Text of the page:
Single Slit Diffraction

We can observe single slit diffraction when light passes through a single slit whose width (w) is on the order of the wavelength of the light. The diffraction pattern on the screen will be at a distance L >> w away from the slit. The intensity is a function of angle.

What is Diffraction? 

Diffraction is defined as the bending of light around corners such that it spreads out and illuminates areas where a shadow is expected. In general, it is hard to separate diffraction from interference since both occur simultaneously.


When the double slit in Young’s experiment is replaced by a single narrow slit, a broad pattern with a bright region at the centre is seen. On both sides of the centre, there are alternating dark and bright regions. The intensity becomes weaker away from the centre. In this article, we discuss the single slit diffraction of light in a detailed manner.

What is Single Slit Diffraction?

In the single slit diffraction experiment, we can observe the bending phenomenon of light or diffraction that causes light from a coherent source interfere with itself and produce a distinctive pattern on the screen called the diffraction pattern. Diffraction is evident when the sources are small enough that they are relatively the size of the wavelength of light. You can see this effect in the diagram below. For large slits, the spreading out is small and generally unnoticeable.

 

Diffraction Pattern

Diffraction Pattern

Single Slit Diffraction Formula

We shall assume the slit width a << D. x`D is the separation between slit and source.

 

Single Slit Diffraction

Single Slit Diffraction

We shall identify the angular position of any point on the screen by ϑ measured from the slit centre which divides the slit by \(\frac{a}{2}\) lengths. To describe the pattern, we shall first see the condition for dark fringes. Also, let us divide the slit into zones of equal widths \(\frac{a}{2}\). Let us consider a pair of rays that emanate from distances  \(\frac{a}{2}\) from each other as shown below.

Single Slit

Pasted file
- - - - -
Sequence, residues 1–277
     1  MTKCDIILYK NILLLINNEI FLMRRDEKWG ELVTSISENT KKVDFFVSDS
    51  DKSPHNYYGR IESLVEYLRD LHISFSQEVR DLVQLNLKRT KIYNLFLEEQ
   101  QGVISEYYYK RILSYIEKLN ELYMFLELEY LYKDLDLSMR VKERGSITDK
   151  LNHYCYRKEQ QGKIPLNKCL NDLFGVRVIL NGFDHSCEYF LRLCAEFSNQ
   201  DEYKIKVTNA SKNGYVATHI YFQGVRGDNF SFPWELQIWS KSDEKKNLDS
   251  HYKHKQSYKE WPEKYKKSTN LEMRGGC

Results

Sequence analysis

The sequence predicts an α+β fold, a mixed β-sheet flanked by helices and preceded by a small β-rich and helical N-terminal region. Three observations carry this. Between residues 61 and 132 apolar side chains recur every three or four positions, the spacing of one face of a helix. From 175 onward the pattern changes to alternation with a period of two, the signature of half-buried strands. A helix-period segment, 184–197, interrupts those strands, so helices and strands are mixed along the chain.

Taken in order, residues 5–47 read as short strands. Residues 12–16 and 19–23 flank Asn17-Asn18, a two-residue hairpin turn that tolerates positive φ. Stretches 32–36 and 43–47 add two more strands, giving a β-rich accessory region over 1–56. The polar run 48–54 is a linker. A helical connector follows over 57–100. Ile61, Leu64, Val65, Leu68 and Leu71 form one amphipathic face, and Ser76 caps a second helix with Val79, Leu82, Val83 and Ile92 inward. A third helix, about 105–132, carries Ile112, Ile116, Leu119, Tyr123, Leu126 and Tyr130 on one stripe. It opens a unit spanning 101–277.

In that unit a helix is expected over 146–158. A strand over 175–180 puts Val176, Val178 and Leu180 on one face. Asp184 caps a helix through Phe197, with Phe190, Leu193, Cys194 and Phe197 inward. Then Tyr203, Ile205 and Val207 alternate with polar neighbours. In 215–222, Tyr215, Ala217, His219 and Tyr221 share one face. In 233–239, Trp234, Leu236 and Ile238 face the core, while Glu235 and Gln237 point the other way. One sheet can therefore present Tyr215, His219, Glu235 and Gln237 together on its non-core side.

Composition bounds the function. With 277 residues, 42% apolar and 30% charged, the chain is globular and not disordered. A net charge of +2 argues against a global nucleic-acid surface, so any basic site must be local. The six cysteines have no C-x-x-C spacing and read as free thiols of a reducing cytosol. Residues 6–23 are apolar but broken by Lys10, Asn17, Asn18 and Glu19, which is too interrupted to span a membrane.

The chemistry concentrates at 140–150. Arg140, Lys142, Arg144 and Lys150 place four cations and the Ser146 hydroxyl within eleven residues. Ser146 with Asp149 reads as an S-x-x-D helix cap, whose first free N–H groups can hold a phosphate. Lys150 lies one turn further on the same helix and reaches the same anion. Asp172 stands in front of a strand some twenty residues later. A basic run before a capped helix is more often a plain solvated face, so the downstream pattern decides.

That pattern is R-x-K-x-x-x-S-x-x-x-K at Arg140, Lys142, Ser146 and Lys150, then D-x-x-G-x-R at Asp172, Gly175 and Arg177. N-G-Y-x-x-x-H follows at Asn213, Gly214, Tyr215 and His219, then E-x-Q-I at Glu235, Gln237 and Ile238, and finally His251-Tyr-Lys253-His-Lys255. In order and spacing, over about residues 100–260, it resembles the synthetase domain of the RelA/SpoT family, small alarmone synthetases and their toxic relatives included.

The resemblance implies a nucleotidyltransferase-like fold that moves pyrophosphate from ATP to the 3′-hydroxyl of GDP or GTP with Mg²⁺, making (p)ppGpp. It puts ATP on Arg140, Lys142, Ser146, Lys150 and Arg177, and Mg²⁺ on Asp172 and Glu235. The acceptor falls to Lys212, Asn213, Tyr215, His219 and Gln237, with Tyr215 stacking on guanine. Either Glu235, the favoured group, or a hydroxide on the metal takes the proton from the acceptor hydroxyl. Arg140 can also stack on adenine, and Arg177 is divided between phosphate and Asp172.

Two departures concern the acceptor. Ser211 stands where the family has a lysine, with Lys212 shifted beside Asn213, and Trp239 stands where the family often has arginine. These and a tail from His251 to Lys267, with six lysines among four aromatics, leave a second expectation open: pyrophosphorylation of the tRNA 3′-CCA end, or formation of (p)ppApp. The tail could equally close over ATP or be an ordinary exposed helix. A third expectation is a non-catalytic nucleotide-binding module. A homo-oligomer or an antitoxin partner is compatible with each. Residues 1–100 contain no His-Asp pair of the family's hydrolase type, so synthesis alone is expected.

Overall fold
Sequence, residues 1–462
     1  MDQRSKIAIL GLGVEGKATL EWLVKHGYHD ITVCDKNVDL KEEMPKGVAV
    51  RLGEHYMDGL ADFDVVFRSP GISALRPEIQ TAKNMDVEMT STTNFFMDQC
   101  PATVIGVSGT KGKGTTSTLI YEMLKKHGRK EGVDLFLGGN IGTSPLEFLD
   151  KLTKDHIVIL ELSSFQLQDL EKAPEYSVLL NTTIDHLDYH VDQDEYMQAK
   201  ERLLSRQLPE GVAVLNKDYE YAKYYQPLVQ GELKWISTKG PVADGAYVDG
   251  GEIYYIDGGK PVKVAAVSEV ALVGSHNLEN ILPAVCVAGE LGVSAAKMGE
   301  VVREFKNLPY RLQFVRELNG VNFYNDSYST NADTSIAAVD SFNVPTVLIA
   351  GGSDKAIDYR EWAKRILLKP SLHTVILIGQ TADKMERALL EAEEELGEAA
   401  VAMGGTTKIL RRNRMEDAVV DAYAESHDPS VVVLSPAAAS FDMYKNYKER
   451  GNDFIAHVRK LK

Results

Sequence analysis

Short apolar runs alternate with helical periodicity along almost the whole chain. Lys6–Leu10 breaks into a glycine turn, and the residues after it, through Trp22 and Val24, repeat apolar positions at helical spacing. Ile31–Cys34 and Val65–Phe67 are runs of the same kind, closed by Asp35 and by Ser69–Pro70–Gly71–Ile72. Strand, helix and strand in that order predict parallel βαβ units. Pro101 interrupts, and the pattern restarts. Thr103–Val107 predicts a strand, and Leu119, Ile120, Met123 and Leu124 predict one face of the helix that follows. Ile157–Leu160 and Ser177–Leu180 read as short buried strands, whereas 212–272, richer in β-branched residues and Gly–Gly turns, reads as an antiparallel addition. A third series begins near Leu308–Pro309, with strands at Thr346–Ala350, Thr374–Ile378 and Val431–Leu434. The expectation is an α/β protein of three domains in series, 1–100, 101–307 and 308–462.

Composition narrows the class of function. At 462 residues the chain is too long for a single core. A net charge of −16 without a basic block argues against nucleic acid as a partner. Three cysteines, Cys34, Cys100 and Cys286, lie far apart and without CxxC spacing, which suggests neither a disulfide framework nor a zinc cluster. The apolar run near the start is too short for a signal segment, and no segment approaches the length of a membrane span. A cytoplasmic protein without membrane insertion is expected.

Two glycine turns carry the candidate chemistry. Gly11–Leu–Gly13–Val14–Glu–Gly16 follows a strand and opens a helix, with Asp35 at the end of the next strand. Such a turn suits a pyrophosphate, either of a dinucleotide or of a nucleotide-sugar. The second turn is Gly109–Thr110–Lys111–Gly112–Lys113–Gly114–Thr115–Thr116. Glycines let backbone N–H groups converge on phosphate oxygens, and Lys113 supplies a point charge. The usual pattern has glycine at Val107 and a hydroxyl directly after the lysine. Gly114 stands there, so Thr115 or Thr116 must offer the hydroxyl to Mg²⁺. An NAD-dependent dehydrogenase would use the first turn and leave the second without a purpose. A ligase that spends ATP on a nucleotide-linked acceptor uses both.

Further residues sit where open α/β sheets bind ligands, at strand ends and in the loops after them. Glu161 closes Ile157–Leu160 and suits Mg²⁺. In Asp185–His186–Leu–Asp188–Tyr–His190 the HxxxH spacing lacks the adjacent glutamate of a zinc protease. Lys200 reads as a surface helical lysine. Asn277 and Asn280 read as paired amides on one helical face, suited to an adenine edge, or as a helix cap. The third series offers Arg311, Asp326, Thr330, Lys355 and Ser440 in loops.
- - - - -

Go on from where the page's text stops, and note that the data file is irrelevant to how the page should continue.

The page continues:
The path difference exhibited by the top two rays shown is:

\(\Delta L=\frac{a}{2}\sin \Theta\)

Remember that this is a calculation valid only if D is very large. For more details about the approximation check out our article on the Young’s Double Slit experiment.

We can consider any number of ray pairings that start from a distance \(\frac{a}{2}\) from one another such as the bottom two rays in the diagram. Any arbitrary pair of rays at a distance \(\frac{a}{2}\)can be considered. We shall see the importance of this trick in a moment.

For a dark fringe, the path difference must cause destructive interference; the path difference must be out of phase by \(\frac{\lambda}{2}\). (λ is the wavelength)

For the first fringe,

ΔL = \(\frac{\lambda}{2}\) = \(\frac{a}{2}\sin \Theta\)

λ = a sin θ

For a ray emanating from any point in the slit, there exists another ray at a distance \(\frac{a}{2}\) that can cause destructive interference.

Thus, at θ = sin−1λa, there is destructive interference as any ray emanating from a point has a counterpart that causes destructive interference. Hence, a dark fringe is obtained.

For the next fringe, we can divide the slit into 4 equal parts of a/4 and apply the same logic. Thus, for the second minima:

\(\frac{\lambda}{2}=\frac{a}{4}\sin\Theta\)

\(2\lambda =a\sin \Theta\)

Similarly, for the nth fringe, we can divide the slit into 2n parts and use this condition as:

= a sin θ

The Central Maximum

The maxima lie between the minima and the width of the central maximum is simply the distance between the 1st order minima from the centre of the screen on both sides of the centre.

The position of the minima given by y (measured from the centre of the screen) is:

tanθ≈θ≈yD

For small ϑ,

sin θ≈θ 

⇒ λ = a sin θ≈aθ

⇒ θ = yD = λa

⇒ y = λDa

The width of the central maximum is simply twice this value

Width of central maximum = 2λDa

Angular width of central maximum = 2θ = 2λa

The diffraction pattern and intensity graph is shown below.

Diffraction Pattern and Intensity Graph

Diffraction Pattern and Intensity Graph

 

Frequently Asked Questions on Single Slit Diffraction

What is phase difference?

Phase difference is defined as the difference between any two waves or the particles having the same frequency and starting from the same point. It is expressed in degrees or radians.

What is the condition for constructive interference?

The condition for constructive interference is that the path difference should be equal to an integral multiple of the wavelength.

What is the condition for destructive interference?

The condition for destructive interference is that the path difference should be equal to odd integral multiple of half wavelength.

What is temporal coherence?

Temporal coherence is known as the correlation between the field at a point and the field at the same point at the later time.

What is Compton effect?

Compton effect is defined as the increase in the wavelength of the X-rays and the gamma rays which occurs when they are scattered

What is total internal reflection?

Total internal reflection is defined as the complete reflection of light rays within the medium.

What is fringe width?

Fringe width is defined as the distance between any two consecutive bright or dark fringes.

Stay tuned with BYJU’S and learn other important concepts like thermodynamics and doppler effect with the help of interactive video lessons.

Practise This Question

In Young's double-slit experiment , the intensity of light at a point on the screen where the path difference is λ is K units. What is the intensity of light at a point where the path difference is λ/3; λ being the wavelength of light used?
 

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